Carl Barden knows what to do when a venomous snake bares its fangs.
He's been bitten 11 times, and he understands that anti-venom can save a person's life.
"I am living proof it works like a charm," said Barden, who handles more than 50 snakes a day as director of the Reptile Discovery Center in DeLand, Fla.
Florida Hospital DeLand is one of three hospitals in the state testing an experimental anti-venom for coral snake bites. The brightly colored snake rarely bites, but just a drop of its venom is a lethal dose.
It can take up to 18 hours for the snake's venom to produce symptoms, but when it does, patients can spend weeks on a ventilator and face lasting health problems if they don't receive anti-venom promptly.
The anti-venom is in short supply because it's not profitable for pharmaceutical companies to produce it given the small number of snake bites.
The area's busiest emergency room at Halifax Health Medical Center would need to have the drug delivered from an anti-venom bank in Miami, said Kevin Captain, manager of the hospital's trauma program.
While rare, Volusia County is among the top counties in the nation for coral snake bites, according to information compiled by the Florida Poison Information Center in Tampa and reports from local emergency rooms.
Nationwide, 73 coral snake bites were reported in 2013, and almost all of those likely occurred in Florida where the snake is most prominent, said Alfred Aleguas, managing director at the poison information center. The most common snake bite — the copperhead — accounted for more than 1,800 bites.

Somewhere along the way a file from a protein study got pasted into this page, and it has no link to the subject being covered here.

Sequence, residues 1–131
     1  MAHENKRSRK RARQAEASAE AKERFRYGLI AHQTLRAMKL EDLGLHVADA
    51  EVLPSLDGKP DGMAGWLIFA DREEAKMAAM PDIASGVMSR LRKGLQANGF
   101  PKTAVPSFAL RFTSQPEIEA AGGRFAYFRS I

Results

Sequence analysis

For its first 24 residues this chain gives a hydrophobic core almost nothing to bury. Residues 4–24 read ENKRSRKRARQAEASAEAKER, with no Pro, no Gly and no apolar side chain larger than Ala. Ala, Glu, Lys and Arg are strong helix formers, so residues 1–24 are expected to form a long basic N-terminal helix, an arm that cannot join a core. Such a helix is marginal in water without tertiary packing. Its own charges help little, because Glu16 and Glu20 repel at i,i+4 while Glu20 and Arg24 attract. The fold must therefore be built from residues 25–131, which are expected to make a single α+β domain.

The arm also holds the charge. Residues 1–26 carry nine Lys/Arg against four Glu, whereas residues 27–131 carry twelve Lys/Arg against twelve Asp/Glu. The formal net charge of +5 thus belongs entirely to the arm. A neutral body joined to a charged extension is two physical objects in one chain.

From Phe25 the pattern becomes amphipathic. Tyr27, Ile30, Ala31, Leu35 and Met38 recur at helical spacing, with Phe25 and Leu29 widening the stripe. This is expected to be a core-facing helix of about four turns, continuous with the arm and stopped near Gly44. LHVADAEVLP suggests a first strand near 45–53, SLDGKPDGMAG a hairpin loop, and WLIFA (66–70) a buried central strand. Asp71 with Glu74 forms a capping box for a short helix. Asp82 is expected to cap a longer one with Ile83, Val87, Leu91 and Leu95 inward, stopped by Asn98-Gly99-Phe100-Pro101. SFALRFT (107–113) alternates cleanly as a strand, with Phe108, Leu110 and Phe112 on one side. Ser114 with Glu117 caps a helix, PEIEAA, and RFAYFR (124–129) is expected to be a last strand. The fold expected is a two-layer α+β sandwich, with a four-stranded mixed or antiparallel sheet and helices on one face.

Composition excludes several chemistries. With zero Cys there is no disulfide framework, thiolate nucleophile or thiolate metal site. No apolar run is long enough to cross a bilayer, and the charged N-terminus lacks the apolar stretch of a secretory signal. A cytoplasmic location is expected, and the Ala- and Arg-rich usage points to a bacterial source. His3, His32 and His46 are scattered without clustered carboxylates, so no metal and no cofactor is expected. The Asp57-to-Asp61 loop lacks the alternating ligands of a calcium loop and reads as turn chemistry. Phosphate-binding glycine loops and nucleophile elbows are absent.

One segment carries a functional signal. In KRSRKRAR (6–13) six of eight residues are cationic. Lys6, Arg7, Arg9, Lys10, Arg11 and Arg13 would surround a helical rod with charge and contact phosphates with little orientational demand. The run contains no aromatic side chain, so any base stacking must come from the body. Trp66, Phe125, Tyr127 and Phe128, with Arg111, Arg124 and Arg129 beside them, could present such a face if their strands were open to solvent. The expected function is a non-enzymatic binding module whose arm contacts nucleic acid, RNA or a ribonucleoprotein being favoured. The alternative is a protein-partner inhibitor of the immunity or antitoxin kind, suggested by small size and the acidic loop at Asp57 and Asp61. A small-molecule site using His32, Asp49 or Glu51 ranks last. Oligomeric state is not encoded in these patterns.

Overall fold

In 2013, the emergency room at Florida Hospital DeLand recorded five coral snake bites, and Florida Hospital Fish
Memorial in Orange City saw seven.
Most of the bites stemmed from people picking up and handling the snake, which is easily confused with the nonvenomous kingsnake, said Dr. Tracy Weiner, medical director of Florida Hospital DeLand's emergency room.
"Maybe our patients are a little more curious about touching them. It's more curiosity — and maybe alcohol," he said.
Despite the fear factor that comes along with snakes, only three snakebite deaths were recorded in 2013, according to records kept by the American Association of Poison Control Centers.
Florida Hospital DeLand had to go through an extensive approval process to become a testing site for the anti-venom. The other sites for the clinical trial are Tampa General Hospital and Lee Memorial Hospital in Fort Myers.
The snake's rarity is one of the reasons behind the anti-venom shortage, Aleguas said.
"Getting through the manufacturing process and getting FDA (Food and Drug Administration) approval, it's expensive," he said. "They look at the cost benefit."
The anti-venom has not been produced since 2003 when Wyeth Pharmaceuticals, which was acquired by Pfizer, manufactured the last batch. Since then, the FDA has been testing the drug and extending its original 2008 expiration date.
Pfizer is working to produce more of the drug and hopes to have it available by next year, said Mackay Jimeson, a company spokesman.
Tampa General Hospital started the clinical trial at the end of 2013 in conjunction with the University of Arizona for an alternative drug that is produced in Mexico, and eight patients have been treated successfully, Aleguas said.
In DeLand, Barden extracts venom from coral snakes for use in anti-venom but not for the drug being tested at Florida Hospital DeLand. His facility is one of only seven of its kind in the U.S.
His last bite was from a rattlesnake in 2006. He's also been bitten by a black mamba, green tree viper and a cottonmouth.
A coral snake has never gotten him, but his former assistant was bitten, and she recovered.
"We consider them kind of innocuous," Barden said. "They don't want to bite. You can be standing right next to one, and he won't try to bite you."